Reverend Howard Moody was known as the Harriet Tubman of the abortion rights movement. He created an extensive network of clergy members and abortion providers in the years prior to Roe v. Wade. As a minister of Judson Memorial Church in New York City, Reverend Moody helped found the Clergy Consultation Service on Abortion in 1967. This network eventually grew to approximately 1,400 ministers and rabbis throughout the country. He died on September 12, 2012.
There was a group of clergy that met monthly discussing social issues and theological problems, and so this issue of reproductive freedom became very important. Some of us decided that we were going to try to do something to help women. And the way we felt was the best way to do that was to help them find safe and secure abortions, because the situation at that time was just horrible. It was the most humiliating, frightening prospect for women that you can imagine.
We talked to women who had been through it. What did they need? What would have been helpful to them? And of course, most important was a good doctor that was safe and secure.
We decided that the thing to do was to open up a counseling service. We called it the Clergy Consultation Service on Abortion. We could not be underground because then we would be in trouble with the law. It opened in May of ’67 with a front-page story in The New York Times.
We had 26 clergy, rabbis and ministers. In order to find those doctors, my colleague, Arlene Carmen, she was the secretary of the church at the time, she would go out and pretend to be pregnant. She’d go into the doctor’s office and observe the cleanliness, observe the people who were there. Then when she’s up on the table and her legs were in the stirrups, she’d then tell him what she was about. That she represented a group of clergy who were referring women for abortions, and they will have been completely counseled, not only whatever moral and ethical questions the woman might have, but also to the physical procedure of the abortion itself. If she saw women mistreated in any way, even abusive language or whatever, that was it, no way, so we picked out the best. There weren’t very many.
In some of those places Arlene went to the waiting room was a mess. It was dirty. That was a criteria. Were there sterilizing machines? Where were they? And then the way in which the doctor spoke. He had to be competent, because we’d cut him off in a minute if something happened to the women. And then they had to keep that price down.
As soon as we opened that door, women came from all over the country. They came by plane and train and bus and car and we were deluged. Even though there were 26 ministers and rabbis, we were overloaded. I did counseling six hours a day, five days a week, sometimes six. So I’d call Philadelphia and I’d say to my friend, “Look, why are all these women coming to New York to get this information? Why can’t they get it there?” And he said, “You mean, you want me to do…?” I said, “Yeah, I want you to do it.” And so then they got trained. It was a very heavy-duty emotional issue, and consequently to have the religious institutions affirming their decision was very important at that time in history.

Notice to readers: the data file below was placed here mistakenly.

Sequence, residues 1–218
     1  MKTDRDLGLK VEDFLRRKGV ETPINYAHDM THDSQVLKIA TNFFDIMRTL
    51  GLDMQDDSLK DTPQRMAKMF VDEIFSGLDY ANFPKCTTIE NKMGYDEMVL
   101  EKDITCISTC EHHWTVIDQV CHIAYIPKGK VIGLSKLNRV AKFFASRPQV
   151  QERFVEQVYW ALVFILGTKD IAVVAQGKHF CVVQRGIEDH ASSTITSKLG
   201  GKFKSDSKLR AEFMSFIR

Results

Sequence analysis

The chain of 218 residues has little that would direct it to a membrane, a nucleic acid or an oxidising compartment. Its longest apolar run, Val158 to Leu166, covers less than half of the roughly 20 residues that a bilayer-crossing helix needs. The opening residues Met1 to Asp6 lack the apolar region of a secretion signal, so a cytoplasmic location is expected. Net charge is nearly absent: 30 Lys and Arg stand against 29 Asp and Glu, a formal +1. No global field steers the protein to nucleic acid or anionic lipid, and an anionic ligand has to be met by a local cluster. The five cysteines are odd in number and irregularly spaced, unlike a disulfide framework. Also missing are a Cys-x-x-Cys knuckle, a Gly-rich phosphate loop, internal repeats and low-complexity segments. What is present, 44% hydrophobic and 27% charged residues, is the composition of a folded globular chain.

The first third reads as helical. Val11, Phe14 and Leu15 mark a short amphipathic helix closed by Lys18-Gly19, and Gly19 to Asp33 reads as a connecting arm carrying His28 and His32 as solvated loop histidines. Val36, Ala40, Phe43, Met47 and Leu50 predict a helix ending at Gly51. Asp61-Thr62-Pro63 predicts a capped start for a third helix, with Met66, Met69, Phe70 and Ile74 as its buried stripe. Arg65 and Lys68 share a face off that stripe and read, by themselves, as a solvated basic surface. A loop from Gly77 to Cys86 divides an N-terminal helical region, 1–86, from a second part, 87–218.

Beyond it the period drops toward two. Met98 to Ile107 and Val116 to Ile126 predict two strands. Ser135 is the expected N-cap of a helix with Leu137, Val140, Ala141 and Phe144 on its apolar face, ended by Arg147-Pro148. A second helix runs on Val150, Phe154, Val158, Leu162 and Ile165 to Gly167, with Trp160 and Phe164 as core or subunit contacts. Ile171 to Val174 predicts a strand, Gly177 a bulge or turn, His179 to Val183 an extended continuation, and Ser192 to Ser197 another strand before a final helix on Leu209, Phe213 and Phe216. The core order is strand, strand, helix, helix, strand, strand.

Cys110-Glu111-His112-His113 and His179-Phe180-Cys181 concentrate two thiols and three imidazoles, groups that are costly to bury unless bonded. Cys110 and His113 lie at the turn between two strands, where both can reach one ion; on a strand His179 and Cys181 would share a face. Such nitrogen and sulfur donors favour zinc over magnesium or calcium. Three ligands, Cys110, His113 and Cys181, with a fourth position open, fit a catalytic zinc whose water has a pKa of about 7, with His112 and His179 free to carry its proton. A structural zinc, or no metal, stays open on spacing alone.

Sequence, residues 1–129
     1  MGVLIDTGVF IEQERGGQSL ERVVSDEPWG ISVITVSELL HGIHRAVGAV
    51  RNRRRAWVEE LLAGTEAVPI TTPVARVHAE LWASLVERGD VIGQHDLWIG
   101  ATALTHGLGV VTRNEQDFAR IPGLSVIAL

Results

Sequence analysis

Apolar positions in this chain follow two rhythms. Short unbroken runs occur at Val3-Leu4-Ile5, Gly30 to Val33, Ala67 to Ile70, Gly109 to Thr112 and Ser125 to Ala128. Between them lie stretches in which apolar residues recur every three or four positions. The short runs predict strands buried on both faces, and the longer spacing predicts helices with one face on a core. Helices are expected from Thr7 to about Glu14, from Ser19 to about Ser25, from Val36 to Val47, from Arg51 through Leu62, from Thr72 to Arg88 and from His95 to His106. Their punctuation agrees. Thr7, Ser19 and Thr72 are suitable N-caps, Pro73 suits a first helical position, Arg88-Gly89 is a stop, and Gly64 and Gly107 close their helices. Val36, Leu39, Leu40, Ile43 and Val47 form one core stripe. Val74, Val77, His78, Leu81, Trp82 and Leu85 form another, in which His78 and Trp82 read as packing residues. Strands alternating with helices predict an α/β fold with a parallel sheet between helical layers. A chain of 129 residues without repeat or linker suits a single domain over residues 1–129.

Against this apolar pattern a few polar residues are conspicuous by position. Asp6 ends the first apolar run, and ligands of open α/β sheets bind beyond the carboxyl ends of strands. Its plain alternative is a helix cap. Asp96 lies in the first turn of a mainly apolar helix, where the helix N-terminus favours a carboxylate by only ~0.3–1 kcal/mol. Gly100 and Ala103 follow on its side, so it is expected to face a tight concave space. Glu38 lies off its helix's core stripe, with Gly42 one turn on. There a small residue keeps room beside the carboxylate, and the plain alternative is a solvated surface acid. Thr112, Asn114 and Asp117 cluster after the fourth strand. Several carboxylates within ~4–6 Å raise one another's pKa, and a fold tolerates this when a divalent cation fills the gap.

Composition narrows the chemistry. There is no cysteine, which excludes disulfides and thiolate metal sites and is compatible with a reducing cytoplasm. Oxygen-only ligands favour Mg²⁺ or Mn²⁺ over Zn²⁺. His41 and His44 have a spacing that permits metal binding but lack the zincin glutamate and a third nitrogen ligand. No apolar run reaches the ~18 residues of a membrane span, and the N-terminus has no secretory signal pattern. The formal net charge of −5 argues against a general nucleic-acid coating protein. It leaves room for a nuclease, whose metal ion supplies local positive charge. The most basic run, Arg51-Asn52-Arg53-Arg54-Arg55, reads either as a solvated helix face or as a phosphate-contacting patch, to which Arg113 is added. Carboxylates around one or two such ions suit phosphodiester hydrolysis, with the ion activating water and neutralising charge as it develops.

If a woman decided that she couldn’t do it we’d help her have the baby, give it up for adoption, whatever. There were people in the congregation who had been through this and the congregation, men and women, were absolutely supportive. I don’t remember a single voice raised against what we were doing. I couldn’t have done it without the church.
I think what we did was a real lesson in social change, and it’s hard. It’s very hard for people to change their minds about issues like this. I felt then and I feel now that the church has a certain obligation because those laws are on the books to do something about changing them. That’s our penance, to change those laws which are so unfair and unreal. I’ve been swimming upstream a lot of my ministerial life. I wasn’t interested in wasting my time debating about abortion as long as women didn’t have the right to an abortion.
It was one of the most important ministries I did at Judson Church. And a lot of ministers have told me in retrospect that the most significant years of their ministry were the years when they were counseling these women. Because it led to women’s freedom on reproductive choice. We set models for counseling and we set models for clinics that would rise up after the law changed. I wouldn’t say that we had the most impact, but we did have an impact. I don’t think any other group except religious institutions could have done this.
—Edited transcript from Voices of Choice